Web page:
• I always keep a supply of stimulant handy in case I see a snake— which I also keep handy.
    • Variant: I like to keep a bottle of stimulant handy in case I see a snake, which I also keep handy.
    • Variant: Always carry a flagon of whiskey in case of snakebite. Furthermore, always carry a small snake.
  • I am free of all prejudice. I hate everyone equally.
  • I believe in tying the marriage knot, as long as it's around the woman's neck.
  • I certainly do not drink all the time. I have to sleep you know.
  • I don't believe in dining on an empty stomach.
  • I exercise extreme self control. I never drink anything stronger than gin before breakfast.
  • I have been in the entertainment business some forty-three years, and I have never said anything detrimental or anything that might be construed as belittling any race or religion. I would be a sucker to do so because you can't insult the customers.
  • I once spent a year in Philadelphia, I think it was on a Sunday.
  • I was married once— in San Francisco. I haven't seen her for many years. The great earthquake and fire in 1906 destroyed the marriage certificate. There's no legal proof. Which proves that earthquakes aren't all bad.
  • I've been barbecued, stewed, screwed, tattooed, and fried by people claiming to be my friends. The human race has gone backward, not forward, since the days we were apes swinging through the trees.
  • If at first you don't succeed, try, try again. Then quit. No use being a damn fool about it.
  • It ain't a fit night out for man or beast. (From one of his "short" films, followed by opening the door and having snow flung in his face.)
  • It was a woman drove me to drink....you know I never did thank her.
  • From It's a Gift, chiding a man who is trying to swindle him out of valuable property: "You're crazy. And I'm drunk. But I'll be sober tomorrow, and you'll be crazy for the rest of your life!"
  • Last week I went to Philadelphia, but it was closed.
  • Madam, there's no such thing as a tough child— if you parboil them first for seven hours, they always come out tender.
  • Man: "I have no sympathy for a man who is intoxicated all the time."
    WC: "A man who's intoxicated all the time doesn't need sympathy."
  • More people are driven insane through religious hysteria than by drinking alcohol.
  • My father...one of the great immorals, er, immortals, of our time.
  • My illness is due to my doctor's insistence that I drink milk, a whitish fluid they force down helpless babies
  • Never mind what I told you - do what I I tell you.
  • Now don't say you can't swear off drinking; it's easy. I've done it a thousand times.
  • Say anything that you like about me except that I drink water.
  • Secretary: "It must be hard to lose your mother-in-law." WC: "Yes it is, very hard. It's almost impossible."
  • Man: "I understand you buried your wife several years ago." WC: "Yes, I had to. She died." (from the film Poppy)
  • Some things are better than sex, and some are worse, but there's nothing exactly like it.
  • Sleep— the most beautiful experience in life— except drink.
  • Start every day with a smile and get it over with.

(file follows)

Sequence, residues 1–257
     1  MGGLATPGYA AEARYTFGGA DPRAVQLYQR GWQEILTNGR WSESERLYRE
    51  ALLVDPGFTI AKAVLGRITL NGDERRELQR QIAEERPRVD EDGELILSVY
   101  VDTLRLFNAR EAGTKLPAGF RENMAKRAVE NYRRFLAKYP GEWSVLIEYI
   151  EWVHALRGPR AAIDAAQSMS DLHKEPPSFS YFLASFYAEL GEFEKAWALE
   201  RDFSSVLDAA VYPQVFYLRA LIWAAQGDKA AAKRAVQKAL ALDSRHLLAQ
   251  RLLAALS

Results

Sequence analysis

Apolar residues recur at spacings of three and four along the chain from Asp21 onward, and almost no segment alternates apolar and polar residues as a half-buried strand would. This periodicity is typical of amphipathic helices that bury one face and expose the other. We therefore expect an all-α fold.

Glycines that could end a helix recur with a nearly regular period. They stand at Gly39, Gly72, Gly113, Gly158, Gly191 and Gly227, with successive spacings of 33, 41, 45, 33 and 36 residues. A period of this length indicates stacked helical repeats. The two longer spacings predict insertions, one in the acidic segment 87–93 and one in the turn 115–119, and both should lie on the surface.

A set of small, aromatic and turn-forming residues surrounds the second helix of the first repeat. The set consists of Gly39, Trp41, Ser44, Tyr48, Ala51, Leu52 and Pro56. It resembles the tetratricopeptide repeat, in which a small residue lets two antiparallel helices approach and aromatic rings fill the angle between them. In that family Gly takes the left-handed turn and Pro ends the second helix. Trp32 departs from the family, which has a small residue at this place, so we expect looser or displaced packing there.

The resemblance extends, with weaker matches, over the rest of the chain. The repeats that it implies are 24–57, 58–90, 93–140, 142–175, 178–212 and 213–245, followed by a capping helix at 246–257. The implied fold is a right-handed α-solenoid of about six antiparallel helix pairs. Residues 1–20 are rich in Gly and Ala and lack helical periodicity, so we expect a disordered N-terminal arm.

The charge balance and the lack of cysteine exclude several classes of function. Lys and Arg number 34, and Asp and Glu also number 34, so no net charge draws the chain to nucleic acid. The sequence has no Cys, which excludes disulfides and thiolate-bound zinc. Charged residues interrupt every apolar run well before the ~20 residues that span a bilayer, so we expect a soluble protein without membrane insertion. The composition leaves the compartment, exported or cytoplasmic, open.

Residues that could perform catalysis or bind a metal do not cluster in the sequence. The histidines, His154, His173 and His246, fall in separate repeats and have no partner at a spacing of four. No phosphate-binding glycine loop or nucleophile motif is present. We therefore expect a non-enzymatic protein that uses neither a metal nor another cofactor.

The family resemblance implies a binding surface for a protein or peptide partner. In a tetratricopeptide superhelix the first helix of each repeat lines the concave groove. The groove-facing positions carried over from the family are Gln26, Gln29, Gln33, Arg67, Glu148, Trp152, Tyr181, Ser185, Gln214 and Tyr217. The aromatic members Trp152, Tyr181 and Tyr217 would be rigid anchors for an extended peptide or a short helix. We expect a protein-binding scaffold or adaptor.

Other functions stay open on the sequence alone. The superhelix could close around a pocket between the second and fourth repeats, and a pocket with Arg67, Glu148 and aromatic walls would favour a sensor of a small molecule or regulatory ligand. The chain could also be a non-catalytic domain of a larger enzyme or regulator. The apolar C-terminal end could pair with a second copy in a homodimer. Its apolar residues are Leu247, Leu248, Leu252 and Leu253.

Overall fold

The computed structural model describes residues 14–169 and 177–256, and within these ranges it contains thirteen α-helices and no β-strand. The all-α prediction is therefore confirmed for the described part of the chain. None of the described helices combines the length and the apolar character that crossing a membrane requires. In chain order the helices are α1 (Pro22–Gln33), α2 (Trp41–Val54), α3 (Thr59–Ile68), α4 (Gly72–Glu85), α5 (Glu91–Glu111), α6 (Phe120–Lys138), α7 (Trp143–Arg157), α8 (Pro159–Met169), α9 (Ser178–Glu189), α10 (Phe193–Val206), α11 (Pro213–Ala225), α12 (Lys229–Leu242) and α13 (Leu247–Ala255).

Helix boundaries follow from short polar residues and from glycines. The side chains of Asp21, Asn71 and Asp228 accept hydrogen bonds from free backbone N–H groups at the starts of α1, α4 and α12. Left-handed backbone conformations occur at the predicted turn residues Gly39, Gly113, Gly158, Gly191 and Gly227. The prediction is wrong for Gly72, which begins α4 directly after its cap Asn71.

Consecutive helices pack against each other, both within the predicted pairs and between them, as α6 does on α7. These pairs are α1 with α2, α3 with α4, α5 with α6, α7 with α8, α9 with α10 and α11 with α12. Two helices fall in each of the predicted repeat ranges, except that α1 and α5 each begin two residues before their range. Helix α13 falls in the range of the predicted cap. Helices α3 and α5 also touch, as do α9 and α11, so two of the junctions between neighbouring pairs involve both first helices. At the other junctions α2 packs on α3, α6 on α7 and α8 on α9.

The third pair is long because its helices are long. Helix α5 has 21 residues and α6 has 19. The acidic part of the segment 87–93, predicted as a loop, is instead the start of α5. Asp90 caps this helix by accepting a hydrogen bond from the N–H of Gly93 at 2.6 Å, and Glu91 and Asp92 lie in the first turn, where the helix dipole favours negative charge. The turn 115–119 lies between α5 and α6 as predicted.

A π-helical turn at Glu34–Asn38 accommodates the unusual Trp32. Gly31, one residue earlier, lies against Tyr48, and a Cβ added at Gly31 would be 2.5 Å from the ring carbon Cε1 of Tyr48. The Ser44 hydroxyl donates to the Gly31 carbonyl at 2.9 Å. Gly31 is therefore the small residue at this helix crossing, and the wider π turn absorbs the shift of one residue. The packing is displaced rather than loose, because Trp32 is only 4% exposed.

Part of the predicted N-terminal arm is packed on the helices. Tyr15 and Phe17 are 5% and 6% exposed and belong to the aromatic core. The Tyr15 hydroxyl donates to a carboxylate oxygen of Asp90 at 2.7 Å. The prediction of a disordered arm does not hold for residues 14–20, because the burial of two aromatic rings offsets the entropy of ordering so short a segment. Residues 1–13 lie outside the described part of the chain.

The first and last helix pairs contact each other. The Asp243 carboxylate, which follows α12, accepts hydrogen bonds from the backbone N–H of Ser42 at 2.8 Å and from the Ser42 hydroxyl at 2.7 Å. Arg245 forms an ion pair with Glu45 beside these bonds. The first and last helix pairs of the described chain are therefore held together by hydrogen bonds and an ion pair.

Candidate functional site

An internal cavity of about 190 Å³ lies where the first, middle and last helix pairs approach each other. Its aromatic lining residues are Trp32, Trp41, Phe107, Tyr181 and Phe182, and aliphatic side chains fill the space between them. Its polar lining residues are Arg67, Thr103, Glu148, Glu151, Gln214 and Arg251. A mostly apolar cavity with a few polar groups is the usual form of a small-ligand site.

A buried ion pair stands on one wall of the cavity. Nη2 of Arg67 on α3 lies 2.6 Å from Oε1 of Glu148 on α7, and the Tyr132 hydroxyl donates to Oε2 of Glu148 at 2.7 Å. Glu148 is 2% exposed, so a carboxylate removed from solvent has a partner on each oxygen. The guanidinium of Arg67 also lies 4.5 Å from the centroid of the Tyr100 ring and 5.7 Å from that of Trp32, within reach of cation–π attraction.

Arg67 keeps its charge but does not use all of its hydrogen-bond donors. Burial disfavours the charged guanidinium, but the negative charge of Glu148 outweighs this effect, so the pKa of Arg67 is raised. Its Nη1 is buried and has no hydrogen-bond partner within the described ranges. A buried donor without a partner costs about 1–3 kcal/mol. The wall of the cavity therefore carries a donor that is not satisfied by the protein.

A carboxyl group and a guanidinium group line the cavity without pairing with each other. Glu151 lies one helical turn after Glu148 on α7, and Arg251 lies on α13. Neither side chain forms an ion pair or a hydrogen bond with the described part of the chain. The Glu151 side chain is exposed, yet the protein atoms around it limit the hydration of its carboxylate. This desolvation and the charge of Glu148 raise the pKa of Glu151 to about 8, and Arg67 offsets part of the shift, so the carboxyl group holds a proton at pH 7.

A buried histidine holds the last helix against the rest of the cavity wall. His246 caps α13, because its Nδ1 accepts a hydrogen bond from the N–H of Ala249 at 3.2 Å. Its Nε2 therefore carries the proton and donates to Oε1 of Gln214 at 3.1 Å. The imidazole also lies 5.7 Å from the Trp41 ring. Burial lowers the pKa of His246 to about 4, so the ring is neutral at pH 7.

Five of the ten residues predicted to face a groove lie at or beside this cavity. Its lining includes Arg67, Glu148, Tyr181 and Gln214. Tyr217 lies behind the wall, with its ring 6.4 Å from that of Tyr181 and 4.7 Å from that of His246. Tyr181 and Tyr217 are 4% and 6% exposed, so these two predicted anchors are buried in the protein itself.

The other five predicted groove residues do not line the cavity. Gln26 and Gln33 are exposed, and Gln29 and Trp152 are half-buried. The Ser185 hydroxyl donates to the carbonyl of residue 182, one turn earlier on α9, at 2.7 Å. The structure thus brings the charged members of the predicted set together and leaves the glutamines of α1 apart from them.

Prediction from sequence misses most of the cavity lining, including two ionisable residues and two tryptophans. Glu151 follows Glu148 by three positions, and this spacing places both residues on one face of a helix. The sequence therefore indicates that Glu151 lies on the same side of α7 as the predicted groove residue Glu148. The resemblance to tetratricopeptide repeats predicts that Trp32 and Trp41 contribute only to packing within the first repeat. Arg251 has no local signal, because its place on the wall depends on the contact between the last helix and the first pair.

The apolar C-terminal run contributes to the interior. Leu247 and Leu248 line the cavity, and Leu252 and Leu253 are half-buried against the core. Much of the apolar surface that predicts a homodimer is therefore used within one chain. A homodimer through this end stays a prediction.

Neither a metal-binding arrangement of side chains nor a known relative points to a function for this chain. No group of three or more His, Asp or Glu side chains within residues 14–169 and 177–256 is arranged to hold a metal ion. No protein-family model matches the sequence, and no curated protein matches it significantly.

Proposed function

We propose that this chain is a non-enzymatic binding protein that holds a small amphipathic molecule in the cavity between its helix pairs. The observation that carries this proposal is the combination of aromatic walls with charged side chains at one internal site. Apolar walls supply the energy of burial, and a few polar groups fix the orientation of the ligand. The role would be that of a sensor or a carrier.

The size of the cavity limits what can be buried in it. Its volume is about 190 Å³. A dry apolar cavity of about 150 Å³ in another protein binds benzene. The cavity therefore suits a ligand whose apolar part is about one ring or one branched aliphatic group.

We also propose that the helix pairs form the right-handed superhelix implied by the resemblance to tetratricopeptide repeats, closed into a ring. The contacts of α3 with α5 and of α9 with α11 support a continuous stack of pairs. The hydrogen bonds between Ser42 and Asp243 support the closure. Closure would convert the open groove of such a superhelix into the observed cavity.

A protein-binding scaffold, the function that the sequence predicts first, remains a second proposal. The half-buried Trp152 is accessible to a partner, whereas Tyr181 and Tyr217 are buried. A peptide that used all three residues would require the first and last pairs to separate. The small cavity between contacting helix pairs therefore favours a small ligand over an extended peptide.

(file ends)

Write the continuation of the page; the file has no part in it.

• The best cure for insomnia is to get a lot of sleep. (from Never Give a Sucker an Even Break, in response to a man who complained of imsomnia)
  • The cost of living has gone up another dollar a quart.
  • The world is getting to be such a dangerous place, a man is lucky to get out of it alive.
    • Variant: It's a funny old world— a man's lucky if he gets out of it alive.
  • There comes a time in the affairs of man when he has to take the bull by the tail and face the situation.
  • There's not a man in America who at one time or another hasn't had a secret desire to boot a child in the ass.
  • Thou shalt not commit adultery ... unless in the mood.
  • Thou shalt not covet thy neighbor's house unless they have a well-stocked bar
  • The coldest day I ever spent was a summer in San Francisco (also attributed to Mark Twain)
  • Sometimes I wish I wasn't W.C. Fields, but that's only when I can remember who I am.
  • What rascal has been putting pineapple juice in my pineapple juice?
    • (WC Fields claimed that the flask he always carried at his side contained nothing more than pineapple juice. One day, someone tested it by substituting pineapple juice for the contents of the flask, leading to the quote when Fields took a drink.)
  • When I want to play with a prick, I'll play with my own.
    • (Declining to play golf with someone he didn't like)
  • When life hands you lemons, make whisky sours
  • Women are like elephants, to me: I like to look at 'em, but I wouldn't want to own one.
  • Yes, if every other form of persuasion fails.
    • (When asked if he believed in clubs for women.)
  • You can't cheat an honest man. He has to have larceny in his heart in the first place.
  • Here you have some razor blades. And now, play with them!
    • (When talking to some children)
  • If you can't razzle them with dazzle, baffle them with bullshit.
  • I note the derogatory rumors concerning my use of alcoholic stimulants and lavish living. It is the penalty of greatness.
  • A lot of people have bad luck. They should just be like Fields and not give a fuck.
  • On his death bed, he supposedly asked his banker, "Do I have enough money to buy all the children of Philadelphia a bike each?" The banker looked at his notes and said yes. Fields stayed quiet for a moment in deep thought and replied "Well fuck 'em!"
  • I'm looking for loopholes. [Said when caught reading the Bible.]
  • Never drink water, fishes make love in that stuff!
  • When a man,,,,,lies cheat and steals,,,,, but hates children,,,,, there must be something good in him!

External links